Quantification of hydrologic impacts of climate change in a Mediterranean basin in Sardinia, Italy, through high-resolution simulations
- 1Dipartimento di Ingegneria Civile, Ambientale ed Architettura, Università degli Studi di Cagliari, Cagliari, Italy
- 2Consorzio Interuniversitario Nazionale per la Fisica dell'Atmosfere e dell'Idrosfere, Tolentino, Italy
- 3School of Sustainable Engineering and the Built Environment, Arizona State University, Tempe, AZ, USA
- 4School of Earth and Space Exploration, Arizona State University, Tempe, AZ, USA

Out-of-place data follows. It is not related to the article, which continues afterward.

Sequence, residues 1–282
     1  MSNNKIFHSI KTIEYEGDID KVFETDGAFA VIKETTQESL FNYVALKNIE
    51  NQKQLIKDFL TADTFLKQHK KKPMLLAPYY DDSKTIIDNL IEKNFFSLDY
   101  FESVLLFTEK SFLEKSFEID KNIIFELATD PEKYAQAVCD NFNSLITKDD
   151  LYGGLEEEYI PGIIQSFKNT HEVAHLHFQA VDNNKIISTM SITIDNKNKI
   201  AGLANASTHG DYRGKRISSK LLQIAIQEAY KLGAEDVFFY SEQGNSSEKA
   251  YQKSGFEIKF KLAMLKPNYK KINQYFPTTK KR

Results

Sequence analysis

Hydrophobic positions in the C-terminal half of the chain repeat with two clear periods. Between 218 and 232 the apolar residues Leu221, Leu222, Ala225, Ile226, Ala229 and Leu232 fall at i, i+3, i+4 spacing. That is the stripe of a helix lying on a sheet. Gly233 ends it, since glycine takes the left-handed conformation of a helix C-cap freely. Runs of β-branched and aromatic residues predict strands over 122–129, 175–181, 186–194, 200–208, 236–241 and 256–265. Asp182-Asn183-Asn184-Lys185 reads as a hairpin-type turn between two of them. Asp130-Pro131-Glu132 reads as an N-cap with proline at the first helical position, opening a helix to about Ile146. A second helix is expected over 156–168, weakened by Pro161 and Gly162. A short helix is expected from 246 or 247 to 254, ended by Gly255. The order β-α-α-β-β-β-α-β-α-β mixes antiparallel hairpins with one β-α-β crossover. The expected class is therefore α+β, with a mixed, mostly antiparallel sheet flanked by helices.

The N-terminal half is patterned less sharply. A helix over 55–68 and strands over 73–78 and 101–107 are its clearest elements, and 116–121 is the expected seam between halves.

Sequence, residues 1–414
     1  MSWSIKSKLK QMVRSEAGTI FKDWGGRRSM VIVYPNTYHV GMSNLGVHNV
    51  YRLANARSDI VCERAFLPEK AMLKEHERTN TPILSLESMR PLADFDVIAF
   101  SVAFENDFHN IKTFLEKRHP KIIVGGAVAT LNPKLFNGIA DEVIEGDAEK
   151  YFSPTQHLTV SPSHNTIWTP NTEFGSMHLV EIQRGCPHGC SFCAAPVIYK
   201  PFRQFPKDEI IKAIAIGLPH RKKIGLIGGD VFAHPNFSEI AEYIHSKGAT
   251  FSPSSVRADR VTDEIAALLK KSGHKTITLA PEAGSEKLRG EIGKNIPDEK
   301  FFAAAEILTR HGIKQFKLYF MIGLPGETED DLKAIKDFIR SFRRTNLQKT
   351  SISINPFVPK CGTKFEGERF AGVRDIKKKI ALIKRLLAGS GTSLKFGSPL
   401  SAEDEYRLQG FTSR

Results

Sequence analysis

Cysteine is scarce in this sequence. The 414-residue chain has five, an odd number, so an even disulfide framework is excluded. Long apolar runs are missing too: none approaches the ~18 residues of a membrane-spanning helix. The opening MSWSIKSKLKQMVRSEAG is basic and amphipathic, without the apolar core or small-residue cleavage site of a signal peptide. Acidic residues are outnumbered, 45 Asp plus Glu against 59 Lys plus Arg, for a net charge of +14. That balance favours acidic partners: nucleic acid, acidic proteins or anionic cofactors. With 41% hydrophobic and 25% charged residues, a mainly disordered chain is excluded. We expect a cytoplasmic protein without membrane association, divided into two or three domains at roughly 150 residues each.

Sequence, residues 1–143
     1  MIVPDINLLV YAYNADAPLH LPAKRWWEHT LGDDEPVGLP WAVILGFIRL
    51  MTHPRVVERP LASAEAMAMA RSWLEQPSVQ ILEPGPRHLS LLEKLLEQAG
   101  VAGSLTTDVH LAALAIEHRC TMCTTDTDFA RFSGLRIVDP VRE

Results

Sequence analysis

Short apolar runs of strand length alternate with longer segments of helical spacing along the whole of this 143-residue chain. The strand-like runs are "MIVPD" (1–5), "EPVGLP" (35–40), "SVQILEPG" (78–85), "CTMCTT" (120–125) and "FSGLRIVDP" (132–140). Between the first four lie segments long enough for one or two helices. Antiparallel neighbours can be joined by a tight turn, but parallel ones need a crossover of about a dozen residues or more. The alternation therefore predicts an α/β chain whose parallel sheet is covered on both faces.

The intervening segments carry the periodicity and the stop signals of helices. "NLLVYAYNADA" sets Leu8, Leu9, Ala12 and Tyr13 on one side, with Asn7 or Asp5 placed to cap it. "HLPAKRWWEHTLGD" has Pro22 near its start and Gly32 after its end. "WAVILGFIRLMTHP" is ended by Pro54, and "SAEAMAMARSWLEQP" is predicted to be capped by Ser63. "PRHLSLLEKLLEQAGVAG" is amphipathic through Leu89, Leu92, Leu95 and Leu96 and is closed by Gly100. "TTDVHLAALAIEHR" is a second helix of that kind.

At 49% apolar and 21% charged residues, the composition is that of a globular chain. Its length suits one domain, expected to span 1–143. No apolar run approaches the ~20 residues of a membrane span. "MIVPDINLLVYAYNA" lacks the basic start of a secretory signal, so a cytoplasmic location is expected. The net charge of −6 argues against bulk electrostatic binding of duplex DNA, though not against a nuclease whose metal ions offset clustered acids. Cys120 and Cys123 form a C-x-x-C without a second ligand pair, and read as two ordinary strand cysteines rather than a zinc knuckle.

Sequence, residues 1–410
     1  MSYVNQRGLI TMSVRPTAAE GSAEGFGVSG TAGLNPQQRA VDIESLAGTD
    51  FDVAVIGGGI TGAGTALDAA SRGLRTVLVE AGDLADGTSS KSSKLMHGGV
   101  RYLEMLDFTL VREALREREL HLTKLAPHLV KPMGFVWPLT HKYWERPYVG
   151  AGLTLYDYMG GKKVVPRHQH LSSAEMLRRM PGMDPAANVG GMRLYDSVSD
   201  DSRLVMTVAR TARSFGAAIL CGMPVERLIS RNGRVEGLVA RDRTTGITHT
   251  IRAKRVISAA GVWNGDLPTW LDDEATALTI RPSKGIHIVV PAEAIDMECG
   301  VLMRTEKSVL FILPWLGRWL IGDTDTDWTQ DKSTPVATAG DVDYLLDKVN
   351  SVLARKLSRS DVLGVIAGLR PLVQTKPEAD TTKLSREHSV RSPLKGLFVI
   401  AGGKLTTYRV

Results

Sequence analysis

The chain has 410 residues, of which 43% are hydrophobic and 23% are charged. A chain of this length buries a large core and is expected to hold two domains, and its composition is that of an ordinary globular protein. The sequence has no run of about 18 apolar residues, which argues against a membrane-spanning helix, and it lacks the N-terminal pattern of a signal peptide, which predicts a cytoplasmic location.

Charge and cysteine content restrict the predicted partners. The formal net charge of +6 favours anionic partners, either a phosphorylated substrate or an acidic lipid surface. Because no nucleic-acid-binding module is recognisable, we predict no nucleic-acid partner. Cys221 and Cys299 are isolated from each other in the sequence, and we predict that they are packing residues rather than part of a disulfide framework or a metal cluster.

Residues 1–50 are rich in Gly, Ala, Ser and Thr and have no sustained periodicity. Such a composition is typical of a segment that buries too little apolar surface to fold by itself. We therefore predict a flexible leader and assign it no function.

Abstract. Future climate projections robustly indicate that the Mediterranean region will experience a significant decrease of mean annual precipitation and an increase in temperature. These changes are expected to seriously affect the hydrologic regime, with a limitation of water availability and an intensification of hydrologic extremes, and to negatively impact local economies. In this study, we quantify the hydrologic impacts of climate change in the Rio Mannu basin (RMB), an agricultural watershed of 472.5 km2 in Sardinia, Italy. To simulate the wide range of runoff generation mechanisms typical of Mediterranean basins, we adopted a physically based, distributed hydrologic model. The high-resolution forcings in reference and future conditions (30-year records for each period) were provided by four combinations of global and regional climate models, bias-corrected and downscaled in space and time (from ~25 km, 24 h to 5 km, 1 h) through statistical tools. The analysis of the hydrologic model outputs indicates that the RMB is expected to be severely impacted by future climate change. The range of simulations consistently predict (i) a significant diminution of mean annual runoff at the basin outlet, mainly due to a decreasing contribution of the runoff generation mechanisms depending on water available in the soil; (ii) modest variations in mean annual runoff and intensification of mean annual discharge maxima in flatter sub-basins with clay and loamy soils, likely due to a higher occurrence of infiltration excess runoff; (iii) reduction of soil water content and actual evapotranspiration in most areas of the basin; and (iv) a drop in the groundwater table. Results of this study are useful to support the adoption of adaptive strategies for management and planning of agricultural activities and water resources in the region.